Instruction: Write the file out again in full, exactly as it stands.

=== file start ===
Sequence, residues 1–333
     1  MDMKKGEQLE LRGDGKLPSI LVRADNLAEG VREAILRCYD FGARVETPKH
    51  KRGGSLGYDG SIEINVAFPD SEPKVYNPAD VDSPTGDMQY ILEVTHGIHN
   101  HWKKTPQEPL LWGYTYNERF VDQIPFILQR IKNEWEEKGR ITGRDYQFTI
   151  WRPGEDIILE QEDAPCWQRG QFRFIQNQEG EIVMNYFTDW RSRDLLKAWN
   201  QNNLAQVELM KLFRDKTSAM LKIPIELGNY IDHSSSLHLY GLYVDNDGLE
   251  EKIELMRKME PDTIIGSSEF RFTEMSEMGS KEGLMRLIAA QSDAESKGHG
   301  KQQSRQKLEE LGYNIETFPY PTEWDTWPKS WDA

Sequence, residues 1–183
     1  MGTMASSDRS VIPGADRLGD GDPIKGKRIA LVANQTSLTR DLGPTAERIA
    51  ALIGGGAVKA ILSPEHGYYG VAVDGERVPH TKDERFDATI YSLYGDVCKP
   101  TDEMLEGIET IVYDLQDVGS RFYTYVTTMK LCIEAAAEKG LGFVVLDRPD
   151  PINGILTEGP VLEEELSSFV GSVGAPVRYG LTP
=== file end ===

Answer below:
Sequence, residues 1–333
     1  MDMKKGEQLE LRGDGKLPSI LVRADNLAEG VREAILRCYD FGARVETPKH
    51  KRGGSLGYDG SIEINVAFPD SEPKVYNPAD VDSPTGDMQY ILEVTHGIHN
   101  HWKKTPQEPL LWGYTYNERF VDQIPFILQR IKNEWEEKGR ITGRDYQFTI
   151  WRPGEDIILE QEDAPCWQRG QFRFIQNQEG EIVMNYFTDW RSRDLLKAWN
   201  QNNLAQVELM KLFRDKTSAM LKIPIELGNY IDHSSSLHLY GLYVDNDGLE
   251  EKIELMRKME PDTIIGSSEF RFTEMSEMGS KEGLMRLIAA QSDAESKGHG
   301  KQQSRQKLEE LGYNIETFPY PTEWDTWPKS WDA

Sequence, residues 1–183
     1  MGTMASSDRS VIPGADRLGD GDPIKGKRIA LVANQTSLTR DLGPTAERIA
    51  ALIGGGAVKA ILSPEHGYYG VAVDGERVPH TKDERFDATI YSLYGDVCKP
   101  TDEMLEGIET IVYDLQDVGS RFYTYVTTMK LCIEAAAEKG LGFVVLDRPD
   151  PINGILTEGP VLEEELSSFV GSVGAPVRYG LTP